Brazil truckers invoke memory of 2018 amid Feb 1 strike action

The president of one of Brazil’s truck unions has warned in local media that upcoming strike action, scheduled for February 1...

The president of one of Brazil’s truck unions has warned in local media that upcoming strike action, scheduled for February 1, could be worse than in 2018 when national action over pay and conditions cut off essential supplies to major cities across the country.

The president of the National Association of Autonomous Transport (ANTB) Jose Roberto Stringasci was quoted in a number of Brazilian media outlets warning that the protest over rising diesel prices is gathering support and could be bigger than 2018.

With few major railways, Brazil is particularly reliant upon truck transportation to move goods around the country, with the previous truck strike quickly bringing the country to its knees, damaging the then government of Michel Temer.

The ANTB claims to represent between 60-70% of Brazil’s transport, with the February 1 strike action supported by the national umbrella group the National Council for Road Freight Transport.

Any widespread, prolonged strike action could spell catastrophe for Brazil’s new crop soybean production, which is expected to come to market in February and is already facing some concerns over delays.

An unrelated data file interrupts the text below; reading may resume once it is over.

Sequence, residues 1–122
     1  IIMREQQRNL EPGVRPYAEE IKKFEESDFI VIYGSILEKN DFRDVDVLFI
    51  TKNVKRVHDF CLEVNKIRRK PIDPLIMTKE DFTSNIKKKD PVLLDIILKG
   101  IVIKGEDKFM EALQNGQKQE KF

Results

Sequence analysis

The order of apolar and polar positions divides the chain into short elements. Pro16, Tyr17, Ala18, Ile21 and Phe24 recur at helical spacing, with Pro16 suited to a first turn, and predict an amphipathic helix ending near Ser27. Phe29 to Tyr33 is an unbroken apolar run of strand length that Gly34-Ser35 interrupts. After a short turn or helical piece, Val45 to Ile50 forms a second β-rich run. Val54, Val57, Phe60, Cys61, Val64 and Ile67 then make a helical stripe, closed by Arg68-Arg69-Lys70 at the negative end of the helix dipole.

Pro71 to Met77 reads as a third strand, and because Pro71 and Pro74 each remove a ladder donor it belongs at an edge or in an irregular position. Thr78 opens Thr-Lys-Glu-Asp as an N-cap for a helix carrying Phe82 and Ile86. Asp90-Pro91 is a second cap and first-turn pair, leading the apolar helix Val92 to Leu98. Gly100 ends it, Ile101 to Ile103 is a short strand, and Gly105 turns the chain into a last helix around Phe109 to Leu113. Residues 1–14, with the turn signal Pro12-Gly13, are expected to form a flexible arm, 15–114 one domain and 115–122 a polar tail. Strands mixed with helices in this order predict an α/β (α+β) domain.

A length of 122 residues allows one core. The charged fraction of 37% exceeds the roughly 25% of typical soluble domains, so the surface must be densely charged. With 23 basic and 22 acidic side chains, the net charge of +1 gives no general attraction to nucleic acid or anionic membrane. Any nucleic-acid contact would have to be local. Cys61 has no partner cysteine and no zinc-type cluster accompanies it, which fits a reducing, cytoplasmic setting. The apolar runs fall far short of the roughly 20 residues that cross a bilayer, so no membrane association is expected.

Traders in China, the world’s biggest soybean importer, have already eyed delayed planting and poor weather during the crop’s development and extended buying of US beans during a period where Brazil typically dominates.

With the country likely to host another huge soybean crop, and a heavy export programme to China already anticipated, any disruption to logistics could stoke further supply fears and encourage additional buying from US Gulf and Pacific Northwest hubs.

That in turn could lend additional support to soybean futures that have already set multi-year highs in recent days.

Any strike action could also prove to be another headache for Brazil president Jair Bolsonaro, a former military officer who capitalised on his predecessor’s struggle to resolve the trucker issue.

While truckers are citing high diesel prices, which the ANTB say account for up to 60% of the cost of the journey, strike leaders are targeting the national oil company, Petrobras, which sets the price at the pumps based on an import parity price policy.

Brazil is expected to export 85 million mt of soybeans and 39 million mt of corn in the 2020/21 marketing year, according to USDA data.

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